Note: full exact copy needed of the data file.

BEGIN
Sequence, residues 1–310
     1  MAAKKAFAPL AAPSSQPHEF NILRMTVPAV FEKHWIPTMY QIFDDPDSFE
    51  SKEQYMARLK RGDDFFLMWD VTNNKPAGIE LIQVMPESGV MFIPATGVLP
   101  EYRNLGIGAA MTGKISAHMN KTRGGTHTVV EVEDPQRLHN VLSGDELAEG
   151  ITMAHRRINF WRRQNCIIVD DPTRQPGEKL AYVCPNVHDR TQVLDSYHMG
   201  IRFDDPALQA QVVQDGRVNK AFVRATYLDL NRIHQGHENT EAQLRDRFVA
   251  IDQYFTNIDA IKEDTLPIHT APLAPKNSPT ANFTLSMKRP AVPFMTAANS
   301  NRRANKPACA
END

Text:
Sequence, residues 1–310
     1  MAAKKAFAPL AAPSSQPHEF NILRMTVPAV FEKHWIPTMY QIFDDPDSFE
    51  SKEQYMARLK RGDDFFLMWD VTNNKPAGIE LIQVMPESGV MFIPATGVLP
   101  EYRNLGIGAA MTGKISAHMN KTRGGTHTVV EVEDPQRLHN VLSGDELAEG
   151  ITMAHRRINF WRRQNCIIVD DPTRQPGEKL AYVCPNVHDR TQVLDSYHMG
   201  IRFDDPALQA QVVQDGRVNK AFVRATYLDL NRIHQGHENT EAQLRDRFVA
   251  IDQYFTNIDA IKEDTLPIHT APLAPKNSPT ANFTLSMKRP AVPFMTAANS
   301  NRRANKPACA